German police data suggest any such ban would only affect several hundred people a month and hence have no big impact on the overall number of refugees in Germany.

The EU border agency Frontex said more than 90 percent of current arrivals in Italy, Greece and Spain register for asylum there. Many still often go north, including to Germany. This “secondary movement” violates EU law but has been widespread.

“Member States should take all necessary internal legislative … to counter such movements,” the text said in an indirect response to German Interior Minister Horst Seehofer.

Merkel opposes the proposal that comes from a party facing a tough vote in its home base in Bavaria in October against a resurgent far-right Alternative for Germany (AfD), which has advocated harsh anti-immigration line.

The AfD on Tuesday accused the CSU of copying its ideas on how to deal with the migrant crisis.

French President Emmanuel Macron and Merkel called in a joint statement on Tuesday for a European solution on migration and said secondary movement must be tackled.

Immigration low, tensions high

The EU is bitterly divided over migration. It has struggled to reform its internal asylum rules, which broke down in 2015, and has instead tried to tighten its borders and prevent new arrivals. To that end, it has given aid and money to countries including Turkey, Jordan, Libya and Niger.

Next week, EU leaders will also agree to look into opening “disembarkation platforms” in regions such as north Africa to decide asylum requests before people get to Europe.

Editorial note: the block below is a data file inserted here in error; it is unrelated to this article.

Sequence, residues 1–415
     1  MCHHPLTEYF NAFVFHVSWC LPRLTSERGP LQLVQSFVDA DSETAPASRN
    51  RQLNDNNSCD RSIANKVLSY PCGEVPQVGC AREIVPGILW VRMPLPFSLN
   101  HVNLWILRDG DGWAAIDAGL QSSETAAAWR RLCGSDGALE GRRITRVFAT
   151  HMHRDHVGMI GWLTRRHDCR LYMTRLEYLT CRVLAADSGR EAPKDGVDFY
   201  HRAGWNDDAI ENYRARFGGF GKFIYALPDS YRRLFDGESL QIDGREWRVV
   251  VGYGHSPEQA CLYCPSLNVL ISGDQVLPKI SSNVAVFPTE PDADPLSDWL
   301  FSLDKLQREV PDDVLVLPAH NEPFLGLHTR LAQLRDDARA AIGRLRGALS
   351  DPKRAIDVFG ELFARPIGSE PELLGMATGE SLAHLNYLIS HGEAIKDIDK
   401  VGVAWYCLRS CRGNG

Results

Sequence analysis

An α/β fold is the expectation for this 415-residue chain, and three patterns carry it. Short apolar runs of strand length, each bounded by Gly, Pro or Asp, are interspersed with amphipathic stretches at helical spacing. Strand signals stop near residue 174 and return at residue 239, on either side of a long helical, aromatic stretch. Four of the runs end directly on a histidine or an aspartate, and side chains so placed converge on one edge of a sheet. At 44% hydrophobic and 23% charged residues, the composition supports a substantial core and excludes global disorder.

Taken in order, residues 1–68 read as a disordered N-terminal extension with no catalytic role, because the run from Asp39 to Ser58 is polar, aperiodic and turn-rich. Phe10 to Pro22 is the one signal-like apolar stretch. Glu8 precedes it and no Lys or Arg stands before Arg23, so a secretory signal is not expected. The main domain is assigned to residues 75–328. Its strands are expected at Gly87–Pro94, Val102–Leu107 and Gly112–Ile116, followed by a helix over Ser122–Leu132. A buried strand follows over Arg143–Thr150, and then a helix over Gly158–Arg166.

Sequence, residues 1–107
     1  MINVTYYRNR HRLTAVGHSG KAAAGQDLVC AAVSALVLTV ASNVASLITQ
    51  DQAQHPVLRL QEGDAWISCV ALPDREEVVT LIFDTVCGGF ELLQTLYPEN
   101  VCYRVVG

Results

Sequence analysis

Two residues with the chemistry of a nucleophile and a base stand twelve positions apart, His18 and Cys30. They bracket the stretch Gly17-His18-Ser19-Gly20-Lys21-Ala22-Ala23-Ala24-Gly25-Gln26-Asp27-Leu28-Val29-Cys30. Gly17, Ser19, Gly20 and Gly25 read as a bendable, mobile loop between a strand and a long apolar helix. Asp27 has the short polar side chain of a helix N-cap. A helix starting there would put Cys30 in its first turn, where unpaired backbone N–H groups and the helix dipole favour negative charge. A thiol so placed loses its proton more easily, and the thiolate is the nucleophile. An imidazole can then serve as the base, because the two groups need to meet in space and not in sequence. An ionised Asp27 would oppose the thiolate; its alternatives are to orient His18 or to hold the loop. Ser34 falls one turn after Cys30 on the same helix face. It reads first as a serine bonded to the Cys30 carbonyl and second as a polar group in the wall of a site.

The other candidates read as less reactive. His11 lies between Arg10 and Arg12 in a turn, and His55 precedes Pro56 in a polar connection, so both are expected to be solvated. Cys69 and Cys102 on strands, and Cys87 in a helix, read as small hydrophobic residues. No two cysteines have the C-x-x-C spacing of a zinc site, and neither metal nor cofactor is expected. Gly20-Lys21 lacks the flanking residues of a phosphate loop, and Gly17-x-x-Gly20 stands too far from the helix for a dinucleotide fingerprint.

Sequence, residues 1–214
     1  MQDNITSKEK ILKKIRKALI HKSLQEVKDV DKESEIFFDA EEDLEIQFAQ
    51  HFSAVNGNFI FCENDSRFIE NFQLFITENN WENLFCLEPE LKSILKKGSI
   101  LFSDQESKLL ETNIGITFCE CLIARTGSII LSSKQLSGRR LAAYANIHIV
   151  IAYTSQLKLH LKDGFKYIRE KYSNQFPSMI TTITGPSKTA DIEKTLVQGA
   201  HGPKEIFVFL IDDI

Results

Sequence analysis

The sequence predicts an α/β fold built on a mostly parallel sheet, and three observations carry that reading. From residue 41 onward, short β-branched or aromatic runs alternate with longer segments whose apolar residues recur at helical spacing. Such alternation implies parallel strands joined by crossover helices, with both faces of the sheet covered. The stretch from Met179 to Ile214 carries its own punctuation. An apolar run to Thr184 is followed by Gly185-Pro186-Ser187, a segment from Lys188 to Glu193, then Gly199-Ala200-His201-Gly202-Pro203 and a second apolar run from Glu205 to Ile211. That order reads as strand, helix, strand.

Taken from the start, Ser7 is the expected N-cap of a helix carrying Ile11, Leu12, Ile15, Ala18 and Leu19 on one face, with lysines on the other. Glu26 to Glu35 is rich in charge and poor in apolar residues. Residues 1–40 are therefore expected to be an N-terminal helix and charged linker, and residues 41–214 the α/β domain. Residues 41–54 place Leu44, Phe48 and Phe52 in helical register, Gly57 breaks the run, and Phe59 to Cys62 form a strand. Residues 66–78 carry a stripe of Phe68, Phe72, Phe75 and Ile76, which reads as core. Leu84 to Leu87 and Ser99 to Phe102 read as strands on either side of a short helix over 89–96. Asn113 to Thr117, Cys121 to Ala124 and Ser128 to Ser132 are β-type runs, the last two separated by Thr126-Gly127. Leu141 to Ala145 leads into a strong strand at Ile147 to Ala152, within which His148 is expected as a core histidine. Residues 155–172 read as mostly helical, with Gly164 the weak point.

European capitals from Rome to Budapest advocate such centres but concerns that processing people outside EU borders could violate the law have long blocked any such initiative.

“Such platforms should provide for rapid processing to distinguish between economic migrants and those in need of international protection, and reduce the incentive to embark on perilous journeys,” the draft statement said.

Italy closed its ports to rescue ships and said it prefers Frontex to work in Africa to prevent people from coming rather than patrol the Mediterranean and rescue those in distressed boats.

Tripoli already runs migrant camps in Libya where the EU pays the U.N. migration and refugee agencies to help resettle people to Europe legally or deport them to other African countries.

But reform of EU internal asylum rules is stuck. Southern and wealthy central states demand that all EU members host some new arrivals but eastern states refuse leading to a stalemate.

In evidence of that division, Czech Prime Minister Andrej Babis said on Tuesday the CSU demand for internal border checks is unacceptable.

Swedish Prime Minister Stefan Lofven said it would be “very difficult to reach a solution” on hosting asylum seekers next week. There is, however, agreement on strengthening external borders and bringing together the border protection databases.